I am working on my MSc. Statistic which is on the Penalized Logistic Regression with the LASSO penalty.

I am trying to understand the difference in two objective functions:

argmin {$\frac{1}{n}$ $\sum_{i=1}^n (Y_i-{\beta_0}-\sum_{j=1}^p {\beta_j}X_ij)^2+{\lambda}||{\beta}||_1$}

argmin { $\sum_{i=1}^n (Y_i-{\beta_0}-\sum_{j=1}^p {\beta_j}X_ij)^2+{\lambda}||{\beta}||_1$}

as you can see in the first formula we have $\frac{1}{n}$ while in the 2nd we don't when $n$ represent the sample size. Does anyone know why is this?


1 Answer 1


Both formulas are equivalent, since the $argmin$ will be the same regardless of whether you divide by n or not. You could also add an arbitrary constant the the expression would remain equivalent. For example, 3 is less than 5, so for every $a>0$ and any number $b$, $\frac{3}{a} + b < \frac{5}{a} + b$ In short, stay with the one you sounds more intuitive to you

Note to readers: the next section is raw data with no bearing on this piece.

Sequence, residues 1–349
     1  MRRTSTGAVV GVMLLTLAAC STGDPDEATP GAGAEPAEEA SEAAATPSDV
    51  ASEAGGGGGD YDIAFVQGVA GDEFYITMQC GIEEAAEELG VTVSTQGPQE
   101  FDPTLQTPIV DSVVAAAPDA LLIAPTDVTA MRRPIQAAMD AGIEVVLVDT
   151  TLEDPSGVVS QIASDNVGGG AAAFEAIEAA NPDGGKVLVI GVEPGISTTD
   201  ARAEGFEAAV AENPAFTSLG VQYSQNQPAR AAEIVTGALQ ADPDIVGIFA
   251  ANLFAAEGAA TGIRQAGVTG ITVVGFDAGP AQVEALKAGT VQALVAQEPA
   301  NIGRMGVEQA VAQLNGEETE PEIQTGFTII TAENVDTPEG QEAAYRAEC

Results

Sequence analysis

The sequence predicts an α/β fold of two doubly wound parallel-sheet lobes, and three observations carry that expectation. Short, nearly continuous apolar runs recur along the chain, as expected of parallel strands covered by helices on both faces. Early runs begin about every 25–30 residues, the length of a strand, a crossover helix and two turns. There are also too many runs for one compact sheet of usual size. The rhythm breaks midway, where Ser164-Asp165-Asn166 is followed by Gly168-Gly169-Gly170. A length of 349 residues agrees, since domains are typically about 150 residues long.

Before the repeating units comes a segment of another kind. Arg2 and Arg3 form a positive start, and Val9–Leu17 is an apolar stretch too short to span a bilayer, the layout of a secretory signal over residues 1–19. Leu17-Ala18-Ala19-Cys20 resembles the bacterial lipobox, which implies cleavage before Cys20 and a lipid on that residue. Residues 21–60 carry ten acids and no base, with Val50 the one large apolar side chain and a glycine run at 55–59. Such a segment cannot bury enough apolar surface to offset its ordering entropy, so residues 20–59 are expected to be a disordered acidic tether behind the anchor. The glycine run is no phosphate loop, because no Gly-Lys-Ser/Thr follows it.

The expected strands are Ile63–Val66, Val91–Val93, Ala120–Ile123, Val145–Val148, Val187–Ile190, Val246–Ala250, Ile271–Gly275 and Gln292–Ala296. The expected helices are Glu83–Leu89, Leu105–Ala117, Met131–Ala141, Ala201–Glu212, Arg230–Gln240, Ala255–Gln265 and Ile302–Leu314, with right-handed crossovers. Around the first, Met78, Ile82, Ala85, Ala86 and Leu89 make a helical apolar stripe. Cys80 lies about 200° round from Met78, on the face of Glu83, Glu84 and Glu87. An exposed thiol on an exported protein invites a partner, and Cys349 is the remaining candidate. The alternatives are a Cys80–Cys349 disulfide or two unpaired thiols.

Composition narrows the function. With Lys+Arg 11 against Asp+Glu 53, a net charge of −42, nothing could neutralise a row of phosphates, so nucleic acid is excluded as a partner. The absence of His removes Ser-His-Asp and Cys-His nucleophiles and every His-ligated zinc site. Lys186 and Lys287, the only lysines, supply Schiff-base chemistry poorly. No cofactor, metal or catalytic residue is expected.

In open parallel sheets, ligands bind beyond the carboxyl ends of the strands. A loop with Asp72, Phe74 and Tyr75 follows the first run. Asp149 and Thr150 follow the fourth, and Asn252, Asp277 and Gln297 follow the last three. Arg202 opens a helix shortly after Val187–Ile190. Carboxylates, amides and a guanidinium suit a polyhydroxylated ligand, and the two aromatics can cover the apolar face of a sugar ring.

For a similar reason, we sometimes use "sum of squares" instead of mean-squared error when comparing regression models, as the only difference is in scale

  • 1
    $\begingroup$ One thing to note is that the scale of $\lambda$ will change based on which expression is used, but as long as an appropriately scaled grid is used to choose $\lambda$, the coefficient values at the optimum will be the same. $\endgroup$
    – Noah
    Jun 20, 2019 at 15:39

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